Why is it that some dogs are aggressive while others are shy; some are social when others are loners?
Studies have proven that genetics account for about 35% of the performance of a dog. So what about the remaining 65%?
As each animal grows and develops three kinds of stimulation have been identified that impact and influence how it will develop and be shaped as an individual. The first stage is called early neurological stimulation, and the second stage is called socialization. The third stage is called later enrichment.
1) Neurological stimulation:
There are a series of short exercises for pups ranging from tickling between their toes with cotton swabs, placing them on a cold damp towel, or holding them tummy-side up in the palm of your hands, etc. These slightly stressful situations stimulate the young pup’s neurological system by kicking it into action earlier than would be normally expected. The result being an increased capacity that later will help to make the difference in its performance.
Benefits of Stimulation
1. Improved cardio vascular performance (heart rate)
2. Stronger heart beats
3. Stronger adrenal glands
4. More tolerance to stress
5. Greater resistance to disease
Handling and touching all parts of their anatomy is also necessary to learn as early as the third day of life. Pups that are handled early and on a regular basis, generally do not become hand shy as adults. When compared in a test environment, stimulated puppies were less disturbed or upset, remained more calm, and made fewer errors in the test.
Socializing puppies means exposing them to a wide variety of situations in their first weeks of life. Studies have shown that the most critical period is between weeks 4 and 16. This means exposing them to children, people, toys and other animals on a regular basis. Other examples include letting them romp on a crinkly, wobbly or wet surface, running a vacuum cleaner in their presence, pushing a stroller, lawn mower or other objet on wheels right by them, taking the puppies out to experience stores, parks, car rides, etc, and introducing them to all sorts of people, namely children, elderly people, police officers or other uniforms, people wearing hats, mail carriers, etc. An occasional bath is a great way to prepare a dog to enjoy water and grooming. Introduction to other animals such as cats, horses, and of course other dogs; now and then exposing them to loud noises like hammering, gunshot or firecrackers; in other words, anything that you would want an adult comfortable around.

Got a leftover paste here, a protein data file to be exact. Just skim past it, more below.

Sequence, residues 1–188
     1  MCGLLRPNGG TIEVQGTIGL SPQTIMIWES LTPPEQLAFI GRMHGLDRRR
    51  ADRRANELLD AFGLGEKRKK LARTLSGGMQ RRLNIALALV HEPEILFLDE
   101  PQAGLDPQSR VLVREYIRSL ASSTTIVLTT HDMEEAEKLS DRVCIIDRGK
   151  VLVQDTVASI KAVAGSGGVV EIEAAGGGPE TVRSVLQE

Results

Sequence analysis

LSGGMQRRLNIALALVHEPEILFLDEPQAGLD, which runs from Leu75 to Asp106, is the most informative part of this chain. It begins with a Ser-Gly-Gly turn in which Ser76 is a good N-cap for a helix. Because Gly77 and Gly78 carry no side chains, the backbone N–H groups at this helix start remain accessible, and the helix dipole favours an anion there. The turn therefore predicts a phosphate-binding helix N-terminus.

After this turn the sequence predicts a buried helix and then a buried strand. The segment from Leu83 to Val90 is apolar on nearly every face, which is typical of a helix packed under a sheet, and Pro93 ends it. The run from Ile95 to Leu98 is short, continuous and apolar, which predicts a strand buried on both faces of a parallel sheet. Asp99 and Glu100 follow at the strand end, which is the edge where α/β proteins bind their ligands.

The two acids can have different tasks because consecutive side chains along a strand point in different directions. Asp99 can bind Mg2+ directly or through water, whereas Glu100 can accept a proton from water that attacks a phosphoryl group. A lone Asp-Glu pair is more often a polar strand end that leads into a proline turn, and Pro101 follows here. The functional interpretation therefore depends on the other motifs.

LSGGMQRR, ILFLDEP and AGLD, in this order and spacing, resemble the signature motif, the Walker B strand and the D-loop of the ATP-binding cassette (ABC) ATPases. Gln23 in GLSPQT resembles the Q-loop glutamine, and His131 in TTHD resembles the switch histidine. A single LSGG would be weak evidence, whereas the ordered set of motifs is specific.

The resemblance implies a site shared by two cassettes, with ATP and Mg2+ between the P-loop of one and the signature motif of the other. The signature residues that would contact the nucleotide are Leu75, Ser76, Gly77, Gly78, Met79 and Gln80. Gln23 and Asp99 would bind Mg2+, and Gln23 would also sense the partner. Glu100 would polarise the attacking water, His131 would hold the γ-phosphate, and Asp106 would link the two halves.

Benefits of Socialization
Having a dog that is confident and pleasant in day to day situations, when the mail is being delivered, when you go out with friends, when you are vacuuming or watching fireworks makes it such a rewarding experience! That is the true potential and wonderful companionship a dog has to offer. Lack of adequate socialization generally results in unacceptable behavior and often times produces undesirable aggression, excessiveness, fearfulness, sexual inadequacy, and indifference toward partners.
Attempts to re-socialize them when adults have only produced small gains. These failures confirm the notion that the window of time open for early neurological and social stimulation only comes once. After it passes, little or nothing can be done to overcome the negative effects of the lack of stimulation.
3) Later enrichment
In later enrichment puppies’ nervous systems are developing and storing information that may be of inestimable use at a later date.
Regular trips to the park, shopping centers and obedience and agility classes serve as good examples of enrichment activities. In other words, these are the learning and training sessions that fall in the responsibility of the puppy buyer. Early training is very important in teaching a puppy how to be housebroken, how to obey simple commands such as : sit, down, stay, come, stand, heel, leave it, etc. A dog who knows what’s expected of him/her is so much happier! True, it requires work on your part, but just a little bit each day and is well worth every effort. The social setting of a puppy class, in addition to teaching basic obedience will expose him/her to other puppies, thus promoting good behavior around other dogs.
While chasing and retrieving a ball on the surface seems to be enriching because it provides exercise and includes rewards, actually does not replace the important enrichment of social and obedience training.